How is it found?
Breast cancer in men is found the same way in men as it is in women. The only difference is awareness. A woman is geared to look for a lump and act on it. A man may not think there is anything to a lump on his breast. The sooner men become aware of this risk, the better the long term outcome will be for their prognosis, because their cancers will be found early, when they are the most treatable.
If a man feels his breast has enlarged, or finds an abnormal swelling, fast action is vital. Because it can spread to his lymph nodes faster than a woman’s can, because there is less breast tissue to contain the cancer cells.
Men can get mammograms, ultra-sounds and MRIs to evaluate their breasts. If a man has a genetic predisposition to breast cancer, prophylactic screening is recommended to find any cancer that may be too small to be felt. Being tested for the familial genetic mutation, BRCA, can also guide screening timelines.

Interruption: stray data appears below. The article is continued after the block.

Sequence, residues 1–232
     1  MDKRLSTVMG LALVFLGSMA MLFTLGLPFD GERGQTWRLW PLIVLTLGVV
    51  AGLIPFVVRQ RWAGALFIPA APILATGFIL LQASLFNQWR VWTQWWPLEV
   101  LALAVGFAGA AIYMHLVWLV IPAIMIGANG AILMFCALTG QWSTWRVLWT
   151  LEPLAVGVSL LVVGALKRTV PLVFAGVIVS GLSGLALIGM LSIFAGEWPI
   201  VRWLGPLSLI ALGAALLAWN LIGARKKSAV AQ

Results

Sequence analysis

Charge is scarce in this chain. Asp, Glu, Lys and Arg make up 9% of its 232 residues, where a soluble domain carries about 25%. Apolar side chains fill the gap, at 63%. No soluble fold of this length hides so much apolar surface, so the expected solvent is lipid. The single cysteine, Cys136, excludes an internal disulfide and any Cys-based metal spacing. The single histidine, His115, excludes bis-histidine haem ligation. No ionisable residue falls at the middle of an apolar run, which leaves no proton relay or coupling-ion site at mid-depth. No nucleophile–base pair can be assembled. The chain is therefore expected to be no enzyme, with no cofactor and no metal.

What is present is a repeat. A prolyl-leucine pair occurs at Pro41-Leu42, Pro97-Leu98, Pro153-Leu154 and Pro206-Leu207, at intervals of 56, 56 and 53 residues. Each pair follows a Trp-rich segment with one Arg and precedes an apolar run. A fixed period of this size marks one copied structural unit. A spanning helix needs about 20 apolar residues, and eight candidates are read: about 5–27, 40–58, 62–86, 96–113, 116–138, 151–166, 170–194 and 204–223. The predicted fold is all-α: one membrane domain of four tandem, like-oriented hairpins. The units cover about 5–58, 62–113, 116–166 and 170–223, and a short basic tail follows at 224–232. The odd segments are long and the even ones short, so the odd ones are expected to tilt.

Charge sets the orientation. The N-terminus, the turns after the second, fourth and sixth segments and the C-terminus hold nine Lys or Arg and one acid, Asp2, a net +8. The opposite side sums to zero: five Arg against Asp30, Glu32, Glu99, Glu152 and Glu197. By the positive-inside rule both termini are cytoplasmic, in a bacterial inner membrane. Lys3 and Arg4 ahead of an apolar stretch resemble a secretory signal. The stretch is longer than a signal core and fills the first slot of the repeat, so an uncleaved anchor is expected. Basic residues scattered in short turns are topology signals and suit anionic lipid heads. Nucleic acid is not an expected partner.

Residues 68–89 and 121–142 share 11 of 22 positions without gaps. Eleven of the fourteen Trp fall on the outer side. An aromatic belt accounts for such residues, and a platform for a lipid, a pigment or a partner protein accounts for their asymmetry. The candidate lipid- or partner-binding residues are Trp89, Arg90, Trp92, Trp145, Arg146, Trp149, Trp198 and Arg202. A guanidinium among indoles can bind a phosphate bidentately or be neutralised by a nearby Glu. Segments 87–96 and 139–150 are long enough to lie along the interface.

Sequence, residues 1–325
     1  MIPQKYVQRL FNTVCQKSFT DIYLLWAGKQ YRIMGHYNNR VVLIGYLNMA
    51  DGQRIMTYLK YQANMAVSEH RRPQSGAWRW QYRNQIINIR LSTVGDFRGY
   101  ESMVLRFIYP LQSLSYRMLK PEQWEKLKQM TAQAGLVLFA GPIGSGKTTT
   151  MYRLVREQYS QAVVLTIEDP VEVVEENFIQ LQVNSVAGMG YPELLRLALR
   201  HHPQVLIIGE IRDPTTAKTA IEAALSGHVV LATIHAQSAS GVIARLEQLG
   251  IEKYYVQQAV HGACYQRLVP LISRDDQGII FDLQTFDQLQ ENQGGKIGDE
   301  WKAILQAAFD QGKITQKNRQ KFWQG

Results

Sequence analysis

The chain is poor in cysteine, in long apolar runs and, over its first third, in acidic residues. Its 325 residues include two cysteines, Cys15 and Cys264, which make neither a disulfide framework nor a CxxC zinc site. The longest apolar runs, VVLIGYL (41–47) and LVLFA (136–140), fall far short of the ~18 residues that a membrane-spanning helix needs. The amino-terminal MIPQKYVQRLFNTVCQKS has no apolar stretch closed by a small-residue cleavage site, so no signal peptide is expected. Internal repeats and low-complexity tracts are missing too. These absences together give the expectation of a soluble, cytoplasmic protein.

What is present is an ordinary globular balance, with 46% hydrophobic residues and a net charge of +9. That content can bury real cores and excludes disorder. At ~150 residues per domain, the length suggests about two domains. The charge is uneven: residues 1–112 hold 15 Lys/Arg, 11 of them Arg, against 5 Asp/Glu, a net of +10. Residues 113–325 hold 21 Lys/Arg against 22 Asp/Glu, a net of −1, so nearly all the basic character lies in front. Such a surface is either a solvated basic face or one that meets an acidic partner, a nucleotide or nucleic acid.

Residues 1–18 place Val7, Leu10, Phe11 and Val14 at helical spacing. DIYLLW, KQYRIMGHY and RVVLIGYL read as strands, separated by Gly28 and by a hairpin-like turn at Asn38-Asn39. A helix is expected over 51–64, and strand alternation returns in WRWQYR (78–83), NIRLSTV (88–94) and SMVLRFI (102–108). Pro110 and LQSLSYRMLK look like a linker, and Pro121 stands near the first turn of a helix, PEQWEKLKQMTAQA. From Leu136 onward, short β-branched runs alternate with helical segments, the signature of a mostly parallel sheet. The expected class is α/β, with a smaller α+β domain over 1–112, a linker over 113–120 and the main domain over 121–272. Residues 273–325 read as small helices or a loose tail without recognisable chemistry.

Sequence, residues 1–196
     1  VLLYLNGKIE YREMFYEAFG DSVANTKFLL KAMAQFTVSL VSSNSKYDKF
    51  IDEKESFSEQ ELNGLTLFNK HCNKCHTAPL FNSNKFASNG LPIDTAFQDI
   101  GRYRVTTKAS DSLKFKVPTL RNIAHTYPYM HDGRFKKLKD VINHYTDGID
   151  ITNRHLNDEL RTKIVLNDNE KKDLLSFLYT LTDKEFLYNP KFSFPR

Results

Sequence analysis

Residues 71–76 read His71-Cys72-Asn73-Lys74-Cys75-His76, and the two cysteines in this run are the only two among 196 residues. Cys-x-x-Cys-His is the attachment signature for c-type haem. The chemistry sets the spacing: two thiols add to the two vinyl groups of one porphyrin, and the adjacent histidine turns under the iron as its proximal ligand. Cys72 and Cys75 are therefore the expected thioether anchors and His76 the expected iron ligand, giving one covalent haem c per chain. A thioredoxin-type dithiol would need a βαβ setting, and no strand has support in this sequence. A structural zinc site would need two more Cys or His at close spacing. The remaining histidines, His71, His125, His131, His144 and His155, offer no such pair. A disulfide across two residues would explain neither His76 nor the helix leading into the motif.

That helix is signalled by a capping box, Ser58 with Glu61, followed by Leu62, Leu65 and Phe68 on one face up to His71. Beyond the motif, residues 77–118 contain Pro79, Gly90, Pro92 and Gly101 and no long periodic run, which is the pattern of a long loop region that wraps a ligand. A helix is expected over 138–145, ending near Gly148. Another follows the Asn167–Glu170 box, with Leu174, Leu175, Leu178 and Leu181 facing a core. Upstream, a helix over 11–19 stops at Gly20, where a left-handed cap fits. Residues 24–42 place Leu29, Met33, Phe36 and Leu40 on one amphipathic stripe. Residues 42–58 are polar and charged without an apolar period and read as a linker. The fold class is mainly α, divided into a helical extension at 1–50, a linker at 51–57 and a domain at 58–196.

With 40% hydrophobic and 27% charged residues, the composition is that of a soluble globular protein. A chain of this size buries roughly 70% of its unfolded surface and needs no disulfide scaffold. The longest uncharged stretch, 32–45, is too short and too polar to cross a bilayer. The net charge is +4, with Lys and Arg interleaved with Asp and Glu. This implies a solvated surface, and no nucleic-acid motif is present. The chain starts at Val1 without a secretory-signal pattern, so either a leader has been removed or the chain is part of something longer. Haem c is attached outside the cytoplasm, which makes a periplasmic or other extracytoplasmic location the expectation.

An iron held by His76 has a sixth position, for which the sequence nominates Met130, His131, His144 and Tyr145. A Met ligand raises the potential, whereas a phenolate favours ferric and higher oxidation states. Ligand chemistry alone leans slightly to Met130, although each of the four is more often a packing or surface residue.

Right now, there is no difference between the treatment of male breast cancer and female breast cancer. This includes, surgery, radiation, chemotherapy, and hormonal treatment.
THERE NEEDS TO BE MORE RESEARCH INTO THE TREATMENT OF MALE BREAST CANCER. It does not matter that there is a small population of men with breast cancer. They deserve to have the best treatment options tailored for the unique disease in their bodies. These men are often diagnosed late stage, when their options are fewer. Early detection is the best defense. The only way a man can get early detection is if he knows his risks. The Male Breast Cancer Awareness Campaign seeks to do this.
What to look for:
A change in breast size
Painless lump or thick tissue
Change in the appearance of skin covering the breast: Dimpling, puckering, orange peel looking
Redness or inflammation of the skin or nipple
Discharge from the nipple, clear or cloudy, any discharge at all